By Doug Haberman
RIVERSIDE – The city will continue negotiating for 30 days to buy three parcels just north of the Fox Theatre for a theater parking garage but the City Council on Tuesday gave staff the authority to draw up an eminent domain lawsuit to file if the negotiations go nowhere.
The city is converting the theater into the 1,600-seat Fox Performing Arts Center, which is set to open in fall 2009. It wants to build a garage with at least 400 parking spaces on the half-block next to the Fox to serve center patrons.
V. Prabhu Dhalla, who owns or co-owns three targeted parcels, has been in unsuccessful negotiations with the city. After the vote, he said he could reach a deal “if they’re reasonable.”
The city estimates it would cost $4.8 million to buy the three parcels and prepare them for construction of the garage.
The matter will come back to the council in 30 days for an update on the negotiations. The council will decide whether staff should continue negotiating or file the eminent domain case.
The motion made by Councilman Mike Gardner and approved by the council called for trying to reach a deal with Dhalla that would allow him to continue owning the historic storefronts on Market Street between the Fox and Sixth Street.
Three antiques stores occupy the storefronts, but the city is hoping for businesses more compatible with a performing arts center, such as restaurants or coffeehouses.
Gardner’s motion also called for saving a Spanish Revival-style building on Fairmount Boulevard now occupied by an antiques store and a botanica, which sells religious items and alternative medicines.
Before the council meeting, Gardner said that last building could be used as storage for the Fox.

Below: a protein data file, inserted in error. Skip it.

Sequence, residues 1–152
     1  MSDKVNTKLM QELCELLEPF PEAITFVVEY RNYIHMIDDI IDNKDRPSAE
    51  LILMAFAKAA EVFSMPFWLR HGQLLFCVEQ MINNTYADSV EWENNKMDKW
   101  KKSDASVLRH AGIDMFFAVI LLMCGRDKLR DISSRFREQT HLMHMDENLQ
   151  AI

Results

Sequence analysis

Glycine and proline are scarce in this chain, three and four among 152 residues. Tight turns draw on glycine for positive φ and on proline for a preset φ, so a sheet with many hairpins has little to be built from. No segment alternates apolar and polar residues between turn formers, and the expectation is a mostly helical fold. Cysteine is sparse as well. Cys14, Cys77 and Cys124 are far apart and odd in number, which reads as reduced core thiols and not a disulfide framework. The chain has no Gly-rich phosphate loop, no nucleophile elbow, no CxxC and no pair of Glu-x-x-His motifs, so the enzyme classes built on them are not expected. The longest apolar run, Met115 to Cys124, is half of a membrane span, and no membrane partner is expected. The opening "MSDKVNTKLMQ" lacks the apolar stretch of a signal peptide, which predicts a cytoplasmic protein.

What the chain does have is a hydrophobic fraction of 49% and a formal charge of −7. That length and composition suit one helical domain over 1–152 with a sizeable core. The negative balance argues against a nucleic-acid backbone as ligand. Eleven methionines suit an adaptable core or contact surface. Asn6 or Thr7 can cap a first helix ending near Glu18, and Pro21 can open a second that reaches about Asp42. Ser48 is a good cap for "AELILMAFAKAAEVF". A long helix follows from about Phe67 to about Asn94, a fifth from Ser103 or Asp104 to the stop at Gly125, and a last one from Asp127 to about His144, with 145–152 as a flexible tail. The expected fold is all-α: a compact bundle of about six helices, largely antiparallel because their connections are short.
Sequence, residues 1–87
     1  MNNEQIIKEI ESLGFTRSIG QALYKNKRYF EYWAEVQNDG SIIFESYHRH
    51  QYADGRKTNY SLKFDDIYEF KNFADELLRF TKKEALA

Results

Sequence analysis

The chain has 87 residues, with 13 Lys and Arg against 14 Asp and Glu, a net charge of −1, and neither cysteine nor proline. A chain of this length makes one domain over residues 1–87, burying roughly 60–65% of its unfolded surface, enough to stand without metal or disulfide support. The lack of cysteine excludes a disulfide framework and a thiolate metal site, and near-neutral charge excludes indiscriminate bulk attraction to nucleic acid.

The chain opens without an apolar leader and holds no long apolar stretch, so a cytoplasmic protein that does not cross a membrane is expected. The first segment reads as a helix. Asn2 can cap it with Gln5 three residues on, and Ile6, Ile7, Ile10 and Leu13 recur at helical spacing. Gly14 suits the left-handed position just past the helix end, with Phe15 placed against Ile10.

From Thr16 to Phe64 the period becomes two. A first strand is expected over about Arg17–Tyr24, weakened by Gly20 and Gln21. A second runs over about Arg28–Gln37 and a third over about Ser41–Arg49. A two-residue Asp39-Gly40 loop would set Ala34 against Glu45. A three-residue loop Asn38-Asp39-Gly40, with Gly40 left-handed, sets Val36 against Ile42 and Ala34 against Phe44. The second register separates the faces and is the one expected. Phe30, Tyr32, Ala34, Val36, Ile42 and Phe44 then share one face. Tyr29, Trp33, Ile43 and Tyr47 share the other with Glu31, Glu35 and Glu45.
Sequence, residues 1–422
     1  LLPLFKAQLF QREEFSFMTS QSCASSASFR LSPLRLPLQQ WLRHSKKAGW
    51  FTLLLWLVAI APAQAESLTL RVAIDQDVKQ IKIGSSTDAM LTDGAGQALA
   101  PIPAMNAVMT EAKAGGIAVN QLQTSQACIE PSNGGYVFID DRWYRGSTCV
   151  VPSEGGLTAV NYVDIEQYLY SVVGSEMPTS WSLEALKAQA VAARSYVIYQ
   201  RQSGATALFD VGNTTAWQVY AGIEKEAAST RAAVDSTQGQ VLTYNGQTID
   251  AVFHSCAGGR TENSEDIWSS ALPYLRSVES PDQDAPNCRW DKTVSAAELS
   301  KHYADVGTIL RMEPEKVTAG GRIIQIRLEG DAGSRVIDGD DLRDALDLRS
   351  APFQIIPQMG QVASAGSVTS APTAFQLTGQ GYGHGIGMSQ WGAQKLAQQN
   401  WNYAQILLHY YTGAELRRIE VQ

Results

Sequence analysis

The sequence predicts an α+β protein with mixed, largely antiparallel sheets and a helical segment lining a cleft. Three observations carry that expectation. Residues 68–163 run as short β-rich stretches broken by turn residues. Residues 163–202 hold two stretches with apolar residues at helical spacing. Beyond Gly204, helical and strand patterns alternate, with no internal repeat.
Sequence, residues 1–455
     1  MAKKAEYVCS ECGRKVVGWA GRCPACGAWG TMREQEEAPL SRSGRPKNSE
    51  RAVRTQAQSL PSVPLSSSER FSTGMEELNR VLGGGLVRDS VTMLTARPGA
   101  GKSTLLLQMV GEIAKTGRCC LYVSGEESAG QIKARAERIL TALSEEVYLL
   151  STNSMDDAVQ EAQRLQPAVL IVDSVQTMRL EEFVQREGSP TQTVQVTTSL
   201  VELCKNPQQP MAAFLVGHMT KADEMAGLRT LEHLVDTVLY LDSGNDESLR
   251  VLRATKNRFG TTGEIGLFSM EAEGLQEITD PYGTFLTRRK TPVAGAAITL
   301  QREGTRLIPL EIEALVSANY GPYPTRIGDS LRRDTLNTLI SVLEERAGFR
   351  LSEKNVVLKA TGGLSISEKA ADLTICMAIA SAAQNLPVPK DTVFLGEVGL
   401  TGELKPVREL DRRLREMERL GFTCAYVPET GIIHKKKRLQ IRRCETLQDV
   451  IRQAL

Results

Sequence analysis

In September, the city bought 20,000 square feet of space for the proposed garage at the corner of Sixth Street and Fairmount Boulevard. The price was $2 million.
The structures on that land house the Riverside City Mission and an automotive repair business, both of which would have to be relocated.
Joanne Pease-Simpson and James Youden addressed the council on behalf of the Old Riverside Foundation, a preservation group. They called on the city to work with the preservation community to save the historic buildings.
Patrick Brien, executive director of the Riverside Arts Council, and Wayne Hinton, executive director of the Riverside County Philharmonic, said the proposed parking garage would be a key to the Fox Performing Arts Center’s success.
Public agencies use eminent domain to acquire private property from owners unwilling to sell, or unwilling to sell at the price an agency offers. The agency condemning the property must pay fair market value. Eminent domain is typically employed to buy property for public uses, such as parks, libraries and street-widening projects.
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